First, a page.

I’ve been thrust back into learning styles, and saw an interesting relationship that bears repeating. Now you should know I’ve been highly critical of learning styles for at least a decade; not because I think there’s anything wrong with the concept, but because the instruments are flawed, and the implications for learning design are questionable.
This is not just my opinion; two separate research reports buttress these positions. A report from the UK surveyed 13 major and representative learning style instruments and found all with some psychometric questions. In the US, Hal Pashler led a team that concluded that there was no evidence that adapting instruction to learning styles made a difference.
Yet it seems obvious that learners differ, and different learning pedagogies would affect different learners differently. Regardless, using the best media for the message and an enlightened learning pedagogy seems best.
Even the simple question of whether to match learners to their style, or challenge them against their style has been unanswered. One of the issues that has been that much of the learning styles have been focused on cognitive aspects, yet cognitive science also recognizes two other areas: affective and conative, that is, who you are as a learner and your intentions to learn.
These two aspects, in particular the latter, could have an effect on learners. Affective, typically considered to be your personality, is best characterized by the Big 5 work to consolidate all the different personality characteristics into a unified set. It is easy to see that elements like openness and conscientiousness would have a positive effect on learning outcomes, and neuroticism could have a negative one.
Similarly, your intention to learn would have an impact. I typically think of this as your motivation to learn (whether from an intrinsic interest, a desire for achievement, or any other reason) moderated by any anxiety about learning (again, regardless whether from performance concerns, embarrassment, or other issue). It is this latter, in particular, that manifests in several instruments of interest. Naturally, I’m also sympathetic to learning skills, e.g learning to learn and domain-independent skills.
In the UK study, two relatively highly regarded instruments were those coming from Entwistle’s program of research, and another by Vermunt. Both result in four characterizations of learners: roughly undirected learners, surface or reproducing learners, strategic or application learners, and meaning/deep learners. Nicely, the work by Entwistle and Vermunt is funded research and not proprietary, and their work, instruments, and prescriptions are open.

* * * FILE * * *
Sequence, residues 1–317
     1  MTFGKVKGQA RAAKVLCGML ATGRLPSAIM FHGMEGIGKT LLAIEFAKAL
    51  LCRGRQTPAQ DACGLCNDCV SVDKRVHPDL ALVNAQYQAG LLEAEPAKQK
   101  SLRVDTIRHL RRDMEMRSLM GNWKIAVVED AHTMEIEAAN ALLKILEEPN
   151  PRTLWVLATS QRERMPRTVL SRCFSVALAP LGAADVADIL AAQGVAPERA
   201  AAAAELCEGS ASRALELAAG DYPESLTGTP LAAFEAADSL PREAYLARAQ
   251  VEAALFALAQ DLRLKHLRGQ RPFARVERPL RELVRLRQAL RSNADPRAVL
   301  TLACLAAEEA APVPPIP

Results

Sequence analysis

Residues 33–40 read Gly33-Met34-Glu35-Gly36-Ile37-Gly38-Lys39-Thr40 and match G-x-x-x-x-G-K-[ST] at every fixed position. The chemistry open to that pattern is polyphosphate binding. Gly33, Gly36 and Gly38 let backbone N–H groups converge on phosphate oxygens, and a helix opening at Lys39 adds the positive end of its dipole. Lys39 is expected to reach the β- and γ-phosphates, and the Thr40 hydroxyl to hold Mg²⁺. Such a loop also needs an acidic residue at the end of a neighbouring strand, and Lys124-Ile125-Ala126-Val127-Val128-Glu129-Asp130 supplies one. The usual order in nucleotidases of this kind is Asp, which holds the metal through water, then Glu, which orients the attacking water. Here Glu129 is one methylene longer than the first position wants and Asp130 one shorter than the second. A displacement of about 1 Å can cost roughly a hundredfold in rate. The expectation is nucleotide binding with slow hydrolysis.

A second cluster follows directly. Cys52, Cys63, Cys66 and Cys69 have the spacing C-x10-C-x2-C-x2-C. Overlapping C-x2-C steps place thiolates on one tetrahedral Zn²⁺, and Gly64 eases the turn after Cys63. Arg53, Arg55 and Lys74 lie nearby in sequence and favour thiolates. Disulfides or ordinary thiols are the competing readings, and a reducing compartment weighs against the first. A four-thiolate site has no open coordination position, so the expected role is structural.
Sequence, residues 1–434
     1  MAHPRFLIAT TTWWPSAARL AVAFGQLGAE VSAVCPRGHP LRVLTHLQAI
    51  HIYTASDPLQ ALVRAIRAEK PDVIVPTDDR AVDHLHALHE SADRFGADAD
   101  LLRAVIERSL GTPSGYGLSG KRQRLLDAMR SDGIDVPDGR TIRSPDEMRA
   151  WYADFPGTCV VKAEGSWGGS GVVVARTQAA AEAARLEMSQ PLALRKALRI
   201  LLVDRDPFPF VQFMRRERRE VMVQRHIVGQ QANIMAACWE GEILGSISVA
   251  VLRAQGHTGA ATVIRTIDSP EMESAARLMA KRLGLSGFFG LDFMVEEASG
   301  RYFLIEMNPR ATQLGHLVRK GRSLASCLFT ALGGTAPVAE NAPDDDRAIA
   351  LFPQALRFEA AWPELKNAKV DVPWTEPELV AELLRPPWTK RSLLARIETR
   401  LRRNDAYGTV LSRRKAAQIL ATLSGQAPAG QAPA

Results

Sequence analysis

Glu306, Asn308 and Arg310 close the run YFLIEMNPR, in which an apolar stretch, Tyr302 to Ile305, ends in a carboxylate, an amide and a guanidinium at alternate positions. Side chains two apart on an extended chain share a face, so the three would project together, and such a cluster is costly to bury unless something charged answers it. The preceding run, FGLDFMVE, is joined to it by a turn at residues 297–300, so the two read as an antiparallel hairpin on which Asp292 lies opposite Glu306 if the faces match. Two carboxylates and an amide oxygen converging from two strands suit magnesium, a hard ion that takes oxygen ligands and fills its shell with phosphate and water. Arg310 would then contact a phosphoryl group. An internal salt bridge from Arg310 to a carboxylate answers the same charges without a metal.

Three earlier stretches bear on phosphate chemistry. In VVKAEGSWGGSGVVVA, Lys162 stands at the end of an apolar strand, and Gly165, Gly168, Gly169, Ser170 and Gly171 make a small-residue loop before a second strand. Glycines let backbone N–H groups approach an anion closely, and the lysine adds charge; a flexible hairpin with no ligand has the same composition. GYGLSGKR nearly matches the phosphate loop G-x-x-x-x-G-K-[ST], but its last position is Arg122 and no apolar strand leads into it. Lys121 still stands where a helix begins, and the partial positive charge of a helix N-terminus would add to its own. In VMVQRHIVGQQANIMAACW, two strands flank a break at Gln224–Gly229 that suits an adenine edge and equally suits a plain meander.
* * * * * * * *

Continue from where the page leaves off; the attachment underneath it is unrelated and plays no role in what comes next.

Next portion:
I admit that any time I see a four element model, I’m inclined to want to put it into a quadrant model. And the emergent model from these three (each of which does include issues of motivation as well as learner skills) very much reminds me of the Situational Leadership model.
The situational leadership model talks about characterizing individual employees and adapting your leadership (really, coaching) to their stage. They have two dimensions: whether the learner needs task support and whether they need motivational support. In short, you tell unmotivated and unskilled employees what to do, but try to motivate them to get them to the stage where they’re willing but unskilled and skill them. When they’re still skilled but uncertain you support their confidence, and finally you just get out of their way!
This seems to me to be directly analogous to the learning models. If you chose two dimensions as needing learning skills support, and needing motivational support, you could come up with a nice two way model that provides useful prescriptions for learning. In particular, it seems to me to address the issue of when do you match a learners’ style, and when do you challenge; you match until the learner is confident, and then you challenge to both broaden their capabilities and to keep them engaged with challenge.
So, to keep with the result that the UK study found where most purveyors of instruments sell them and have no reason to work together, I suppose what I ought to do is create an learning assessment instrument and associated prescriptions of my own, label the categories, brand it, and flog it. How about:
Buy: for those not into it, get them doing it
Try: for those willing, get them to develop their learning skills and support the value thereof
My: have them apply those learning skills to their goals and take ownership of the skills
Fly: set them free and resource them
I reckon I’ll have to call it the Quinnstrument!
Ok, I’m not serious about flogging it, but I do think that we can start looking at learning skills, and the conative/intention to learn as important components of learning. Would you buy that?
Josh Waitzkin, subject of the book and movie Searching for Bobby Fischer, talks a lot about different learning styles in his book The Art of Learning. Check out his website, http://www.theartoflearning.org and blog, http://theartoflearningproject.org/educate/category/the-learning-journal/